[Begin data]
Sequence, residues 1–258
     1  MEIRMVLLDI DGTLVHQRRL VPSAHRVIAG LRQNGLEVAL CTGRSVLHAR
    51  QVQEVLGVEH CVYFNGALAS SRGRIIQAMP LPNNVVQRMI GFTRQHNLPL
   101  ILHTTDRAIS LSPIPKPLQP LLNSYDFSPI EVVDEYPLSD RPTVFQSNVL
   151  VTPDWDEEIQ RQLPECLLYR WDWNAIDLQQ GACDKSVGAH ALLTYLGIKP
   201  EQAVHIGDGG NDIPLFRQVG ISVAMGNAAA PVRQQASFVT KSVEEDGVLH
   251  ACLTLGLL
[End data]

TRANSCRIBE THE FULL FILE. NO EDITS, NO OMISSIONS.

Sequence, residues 1–258
     1  MEIRMVLLDI DGTLVHQRRL VPSAHRVIAG LRQNGLEVAL CTGRSVLHAR
    51  QVQEVLGVEH CVYFNGALAS SRGRIIQAMP LPNNVVQRMI GFTRQHNLPL
   101  ILHTTDRAIS LSPIPKPLQP LLNSYDFSPI EVVDEYPLSD RPTVFQSNVL
   151  VTPDWDEEIQ RQLPECLLYR WDWNAIDLQQ GACDKSVGAH ALLTYLGIKP
   201  EQAVHIGDGG NDIPLFRQVG ISVAMGNAAA PVRQQASFVT KSVEEDGVLH
   251  ACLTLGLL